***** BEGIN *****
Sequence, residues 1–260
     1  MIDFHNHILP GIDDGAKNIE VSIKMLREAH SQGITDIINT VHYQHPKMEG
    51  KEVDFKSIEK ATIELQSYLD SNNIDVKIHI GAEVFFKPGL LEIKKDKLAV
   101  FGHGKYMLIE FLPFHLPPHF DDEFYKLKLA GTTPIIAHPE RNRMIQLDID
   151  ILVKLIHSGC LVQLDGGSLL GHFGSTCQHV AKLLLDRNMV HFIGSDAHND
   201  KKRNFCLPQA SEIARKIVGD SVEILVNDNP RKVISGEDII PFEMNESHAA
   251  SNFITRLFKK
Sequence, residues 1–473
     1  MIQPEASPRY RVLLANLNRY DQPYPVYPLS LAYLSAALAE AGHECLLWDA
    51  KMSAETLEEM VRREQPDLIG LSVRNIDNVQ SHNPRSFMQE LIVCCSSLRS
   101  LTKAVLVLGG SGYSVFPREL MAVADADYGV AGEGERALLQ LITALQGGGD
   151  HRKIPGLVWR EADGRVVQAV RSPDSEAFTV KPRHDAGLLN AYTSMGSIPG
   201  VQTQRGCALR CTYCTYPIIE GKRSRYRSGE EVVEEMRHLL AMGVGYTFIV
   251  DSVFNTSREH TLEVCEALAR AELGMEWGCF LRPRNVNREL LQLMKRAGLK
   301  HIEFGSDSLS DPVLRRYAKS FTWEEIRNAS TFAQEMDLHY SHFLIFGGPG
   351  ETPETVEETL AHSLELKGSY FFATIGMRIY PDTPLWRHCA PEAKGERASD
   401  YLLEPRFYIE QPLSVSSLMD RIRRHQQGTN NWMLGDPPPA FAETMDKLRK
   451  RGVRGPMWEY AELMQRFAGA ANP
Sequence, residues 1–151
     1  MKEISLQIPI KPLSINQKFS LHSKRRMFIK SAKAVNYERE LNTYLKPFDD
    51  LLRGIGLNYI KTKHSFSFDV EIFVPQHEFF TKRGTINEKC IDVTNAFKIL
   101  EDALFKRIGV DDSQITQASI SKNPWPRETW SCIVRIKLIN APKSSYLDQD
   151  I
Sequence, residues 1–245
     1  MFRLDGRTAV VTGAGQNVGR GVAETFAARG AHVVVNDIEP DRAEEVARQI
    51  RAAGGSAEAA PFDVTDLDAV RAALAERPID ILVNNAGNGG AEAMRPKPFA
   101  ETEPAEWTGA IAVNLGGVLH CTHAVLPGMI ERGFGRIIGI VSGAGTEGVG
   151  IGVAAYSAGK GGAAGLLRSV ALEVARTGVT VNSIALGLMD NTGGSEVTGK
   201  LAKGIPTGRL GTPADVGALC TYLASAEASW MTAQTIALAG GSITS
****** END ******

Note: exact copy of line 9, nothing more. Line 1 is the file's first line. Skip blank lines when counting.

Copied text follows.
     1  MIQPEASPRY RVLLANLNRY DQPYPVYPLS LAYLSAALAE AGHECLLWDA